Advice to College Students Not Digging the Whole Online Thing
The Chronicle of Higher Education reports that “about one out of six prospective students who planned to attend a four-year institution full time in the fall have decided not to do so.”
I’ve heard similar refrains from my students, “If we do online this fall, I’m just going to get a job until things get back to normal.” I get that, especially if you have a family to support or your just unable to do online learning. For the rest, if it is a matter of needing to tap into grit and re-examining your priorities, I think you should do these things before you make any big decisions.
Here’s my personal opinion on the whole “I’m not going to college if it is online” thing. I think you need to pay the bills and support your family. Safety and well-being come first. (Read More: “Working Class Students Doing Double Duty During Corona Virus”). But, if we do end up going online in the Fall, stopping out completely may end up being a long-term decision.
I stopped out four years to join the Army. It was no easy task catching up on the academic knowledge I lost over that time period. As an undergraduate, I represented non-traditional students in Student Government. As an instructor, I am always happy to have them in class. If you are curious, I would encourage you to ask your non-traditional peers about why it took so long to come back.
They will say things like, “I got a job, and even though it didn’t pay a lot I had never really had that kind of money before. Then I met someone, we had some kids, and well, life happened.”
I come from a lower socioeconomic background, and I remember being told by family members in rural Kentucky that $20,000 a year was “good money.” It wasn’t. And earnings in this range certainly aren’t now given inflation and the rising cost of essentials like food and rent. You can get by on this sort of income, but it is incredibly hard to get ahead.
Non-traditional students come back later in life because they want to experience personal fulfillment or find better paying work. Most of the people I meet in that situation are happy with the choices they made; none of them say, “yeah, if I only wouldn’t have had that kid I could be making $75,000 a year right now.”
Still, we know that at this point in your lives, the decisions you make are going to have long-lasting impacts.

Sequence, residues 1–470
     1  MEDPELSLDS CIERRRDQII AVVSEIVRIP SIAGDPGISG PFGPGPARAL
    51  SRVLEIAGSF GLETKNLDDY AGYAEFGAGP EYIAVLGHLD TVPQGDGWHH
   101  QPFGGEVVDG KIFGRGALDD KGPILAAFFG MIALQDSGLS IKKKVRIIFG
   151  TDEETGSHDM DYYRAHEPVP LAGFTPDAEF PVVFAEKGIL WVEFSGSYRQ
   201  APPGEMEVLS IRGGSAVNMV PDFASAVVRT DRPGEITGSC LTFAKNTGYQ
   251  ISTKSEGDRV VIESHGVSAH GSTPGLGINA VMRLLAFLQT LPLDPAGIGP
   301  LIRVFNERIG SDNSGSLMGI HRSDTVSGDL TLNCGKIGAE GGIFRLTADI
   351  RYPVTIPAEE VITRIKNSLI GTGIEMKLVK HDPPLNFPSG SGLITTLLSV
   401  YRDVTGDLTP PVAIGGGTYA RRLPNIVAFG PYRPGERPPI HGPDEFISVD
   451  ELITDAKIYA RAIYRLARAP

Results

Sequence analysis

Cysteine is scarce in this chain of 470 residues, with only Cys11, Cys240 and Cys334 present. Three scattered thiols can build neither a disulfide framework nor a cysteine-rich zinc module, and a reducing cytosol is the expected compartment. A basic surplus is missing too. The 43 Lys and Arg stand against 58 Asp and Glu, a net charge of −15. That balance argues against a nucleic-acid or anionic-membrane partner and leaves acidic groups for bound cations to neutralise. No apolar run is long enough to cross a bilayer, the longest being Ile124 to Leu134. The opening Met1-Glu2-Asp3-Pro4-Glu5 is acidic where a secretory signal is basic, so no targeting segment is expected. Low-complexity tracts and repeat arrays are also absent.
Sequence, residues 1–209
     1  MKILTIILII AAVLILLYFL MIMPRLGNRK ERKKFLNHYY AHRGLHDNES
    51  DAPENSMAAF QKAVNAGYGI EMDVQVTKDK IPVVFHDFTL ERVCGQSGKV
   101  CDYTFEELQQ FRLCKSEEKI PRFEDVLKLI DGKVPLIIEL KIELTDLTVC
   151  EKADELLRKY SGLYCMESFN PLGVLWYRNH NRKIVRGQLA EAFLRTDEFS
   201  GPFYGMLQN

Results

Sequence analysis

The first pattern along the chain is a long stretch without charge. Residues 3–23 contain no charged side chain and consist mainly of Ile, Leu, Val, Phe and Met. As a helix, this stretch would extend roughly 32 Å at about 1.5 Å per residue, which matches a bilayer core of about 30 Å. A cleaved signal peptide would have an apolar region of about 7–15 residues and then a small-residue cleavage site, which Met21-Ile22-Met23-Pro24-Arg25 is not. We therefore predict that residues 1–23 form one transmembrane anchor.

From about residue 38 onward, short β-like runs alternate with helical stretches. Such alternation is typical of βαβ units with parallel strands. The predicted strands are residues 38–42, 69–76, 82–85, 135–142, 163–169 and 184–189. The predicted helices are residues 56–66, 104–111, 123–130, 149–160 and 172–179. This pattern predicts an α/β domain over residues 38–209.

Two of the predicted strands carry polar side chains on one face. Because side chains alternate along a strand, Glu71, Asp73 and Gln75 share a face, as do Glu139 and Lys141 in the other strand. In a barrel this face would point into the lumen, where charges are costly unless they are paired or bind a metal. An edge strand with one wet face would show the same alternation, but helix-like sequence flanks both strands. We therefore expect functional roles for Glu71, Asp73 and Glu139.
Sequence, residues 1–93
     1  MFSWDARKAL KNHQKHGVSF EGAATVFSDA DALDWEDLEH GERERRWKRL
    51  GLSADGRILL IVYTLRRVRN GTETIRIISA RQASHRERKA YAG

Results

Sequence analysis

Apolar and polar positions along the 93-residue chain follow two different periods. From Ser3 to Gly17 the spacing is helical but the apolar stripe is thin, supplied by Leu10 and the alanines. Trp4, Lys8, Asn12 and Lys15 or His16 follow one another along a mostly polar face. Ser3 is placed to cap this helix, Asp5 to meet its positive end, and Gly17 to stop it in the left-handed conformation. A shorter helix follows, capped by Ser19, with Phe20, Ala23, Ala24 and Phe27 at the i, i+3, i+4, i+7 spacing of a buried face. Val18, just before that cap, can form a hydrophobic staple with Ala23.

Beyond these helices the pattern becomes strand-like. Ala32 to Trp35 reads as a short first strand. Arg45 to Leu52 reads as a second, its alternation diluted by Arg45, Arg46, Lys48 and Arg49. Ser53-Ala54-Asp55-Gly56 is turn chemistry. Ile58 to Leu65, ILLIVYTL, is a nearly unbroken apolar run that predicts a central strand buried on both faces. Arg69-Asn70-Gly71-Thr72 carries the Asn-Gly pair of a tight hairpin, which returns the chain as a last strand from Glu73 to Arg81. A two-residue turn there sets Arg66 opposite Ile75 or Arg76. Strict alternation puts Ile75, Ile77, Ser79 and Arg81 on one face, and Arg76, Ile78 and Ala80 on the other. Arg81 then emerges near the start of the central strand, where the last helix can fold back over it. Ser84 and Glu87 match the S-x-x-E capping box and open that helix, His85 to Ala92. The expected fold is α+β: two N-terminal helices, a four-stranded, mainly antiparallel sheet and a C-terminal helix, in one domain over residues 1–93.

I empathize with those of you who feel like you got thrown a curve ball when your life was just starting to take off. Heck, your entire generation probably feels that way with the economy, rising tuition, the environment, and all that other stuff previous generations put on your plate. These problems are real.
But, from what I’ve seen, your generation has the skills and passion needed to overcome pretty much anything.
Don’t fall prey to a victim mindset. That can be especially easy to do when you are cooped up alone due to social distancing. Remember, now is the time to keep fighting for your future. Find your conviction.
Never forget that this virus is going to impact the have nots a lot more than haves. The haves are going to do what they always do: shimmy up that social ladder using generational wealth, connections, and status.
For the rest of us, finding intrinsic motivation to succeed is more important than ever. What do you want out of life? How are you going to accomplish these things? Really take some time to reflect on these questions.
Your generation is similar to its predecessors in that you are in a rat race to climb those socioeconomic rungs. It will be a lot harder without an education. I realize that online learning may not be ideal. I realize you might not find meaning in some of your courses. But never forget that degrees open doors and confer respect.
They are your ticket to get on the ride. And, personally, I would look highly upon any applicant who demonstrated the resilience needed to overcome adversity in these trying times.
So, if you can stick with it, even if that means part time, I encourage you to try. If you can’t, try to find your way back once it is feasible. Don’t give up on the dreams that brought you to college in the first place.
Travis L. Martin, PhD, is founding director of the Kentucky Center for Veterans Studies at Eastern Kentucky University. He has established several nationally recognized programs to support returning veterans in higher education and the non-profit sector. A scholar of American literature, psychoanalytic trauma theory, and social theory, Dr. Martin presents frequently at conferences and universities. He has published dozens of research articles and creative short works on veterans’ issues. A former sergeant in the U.S. Army, he served during two deployments in the Iraq War (2003-04 & 2005). His book War and Homecoming: Veteran Identity and the Post-9/11 Generation is slated for publication with the University Press of Kentucky in 2022. He resides in Richmond, KY.